Since at least the 18th century there has been a sort of conspiracy to keep the public discourse clean of extreme anger and hate, a pact among public-spirited types to keep the front pages and the election debates high-minded and rational. Those who would not play by these rules were, at least the theory went, kept out of the limelight, and out of the White House. Perlstein is saying that pundits and historians have mistakenly assigned too much authority to this pact, and not paid enough attention to fringe elements that refused to play by those rules.

One of the questions raised by Trump is whether those rules have broken down, whether in the era of Twitter and Facebook a politician can bypass the keepers of the national superego and reach straight out to the voters, especially the angry voters. Whether, in our world, the line between "respectable" political actors with mainstream appeal and the fringe has broken down completely. I don't think it has yet, but if the trend away from mainstream media and toward cranky websites continues, I worry that it may.


Shadow said...

I read much of this article yesterday, and my takeaway was that it is history at its most incompetent (and ideological). It explains nothing about the present while painting others on the right (and center) with a wide and damning brush. This is cherry picking designed to trigger a certain reaction. One could as easily make the case that Trump won because he was traveling from town to town selling elixir out of the back of a wagon at the time a new group of voters who, having lost their jobs to globalization and the financial crisis, were looking for a palliative. But that would be an inadequate explanation too. You summed it up best when you said the many republicans (and right of center independents) from many different points of view chose to vote for Trump rather than Hillary or a democrat. Why that happened would be a far more interesting and honest article.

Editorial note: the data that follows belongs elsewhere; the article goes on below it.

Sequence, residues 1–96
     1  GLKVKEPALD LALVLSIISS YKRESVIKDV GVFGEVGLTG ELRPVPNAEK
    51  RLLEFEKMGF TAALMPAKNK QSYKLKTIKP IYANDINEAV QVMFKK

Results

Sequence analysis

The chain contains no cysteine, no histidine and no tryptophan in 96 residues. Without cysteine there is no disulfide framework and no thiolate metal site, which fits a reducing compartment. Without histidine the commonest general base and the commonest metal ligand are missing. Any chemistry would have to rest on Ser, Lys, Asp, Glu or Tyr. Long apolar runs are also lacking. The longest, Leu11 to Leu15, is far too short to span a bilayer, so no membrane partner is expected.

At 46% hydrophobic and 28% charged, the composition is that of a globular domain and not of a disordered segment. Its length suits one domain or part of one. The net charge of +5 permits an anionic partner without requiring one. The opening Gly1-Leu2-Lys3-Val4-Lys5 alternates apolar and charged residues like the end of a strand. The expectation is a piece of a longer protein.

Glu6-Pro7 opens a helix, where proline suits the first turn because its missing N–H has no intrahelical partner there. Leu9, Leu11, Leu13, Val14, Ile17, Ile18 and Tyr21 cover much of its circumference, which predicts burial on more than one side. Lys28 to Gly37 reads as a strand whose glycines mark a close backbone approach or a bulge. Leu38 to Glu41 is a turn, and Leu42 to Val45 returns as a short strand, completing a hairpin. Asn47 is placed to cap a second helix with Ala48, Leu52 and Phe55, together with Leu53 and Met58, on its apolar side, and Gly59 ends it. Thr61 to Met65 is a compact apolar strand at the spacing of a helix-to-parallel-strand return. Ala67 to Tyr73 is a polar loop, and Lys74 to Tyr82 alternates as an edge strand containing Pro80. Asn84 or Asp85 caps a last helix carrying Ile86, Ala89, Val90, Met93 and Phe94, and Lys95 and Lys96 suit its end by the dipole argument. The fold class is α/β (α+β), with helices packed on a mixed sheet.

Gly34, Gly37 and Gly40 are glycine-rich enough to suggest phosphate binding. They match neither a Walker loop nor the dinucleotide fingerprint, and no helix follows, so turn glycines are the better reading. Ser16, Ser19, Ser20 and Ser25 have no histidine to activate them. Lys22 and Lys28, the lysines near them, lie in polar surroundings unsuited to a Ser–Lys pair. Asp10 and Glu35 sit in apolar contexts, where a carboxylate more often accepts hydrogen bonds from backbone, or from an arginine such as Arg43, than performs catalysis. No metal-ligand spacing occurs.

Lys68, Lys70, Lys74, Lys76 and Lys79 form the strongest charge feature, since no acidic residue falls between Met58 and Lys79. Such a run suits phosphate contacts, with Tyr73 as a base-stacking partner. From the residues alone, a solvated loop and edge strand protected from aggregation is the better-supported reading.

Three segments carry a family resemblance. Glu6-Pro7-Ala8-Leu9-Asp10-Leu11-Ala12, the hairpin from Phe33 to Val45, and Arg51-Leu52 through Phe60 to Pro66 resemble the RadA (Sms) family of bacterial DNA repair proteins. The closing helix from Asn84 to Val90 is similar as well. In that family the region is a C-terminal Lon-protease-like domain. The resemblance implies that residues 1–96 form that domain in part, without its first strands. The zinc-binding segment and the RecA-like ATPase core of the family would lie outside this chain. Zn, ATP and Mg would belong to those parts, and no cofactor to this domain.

G. Verloren said...

@Shadow Flutter

I haven't read the article, but from the excerpt and John's commentary, I'm not so sure that looking to the past isn't helpful here, even if it doesn't give us the whole picture all in one place, but rather just one piece of the puzzle.

I mean, would we even be having this conversation if a Democrat had won? (Or more accurately, if a Democrat who did win the popular vote had not fallen prey to the weird mechanisms of the Electoral College?) Fascism is a firmly right wing movement, and Republicans have an established history of both tolerating and openly supporting fascists, which is important to bear in mind.

When 30 million people - roughly 10% of the population today, but just a little bit under a quarter of the population in 1939 - read magazines and listen every week to radio shows which spread agendas of hatred and fascism, and then commit organized violence against minorities in some of the biggest cities in the nation, with the tacit approval and allowance of the authorities, that's incredibly noteworthy, and it draws some startling parallels to the present day.

You want to know why people chose Trump rather than Clinton? Looking to the history of the Republican party's involvement with Fascism gives insight to at least a part of the equation, if not all of it.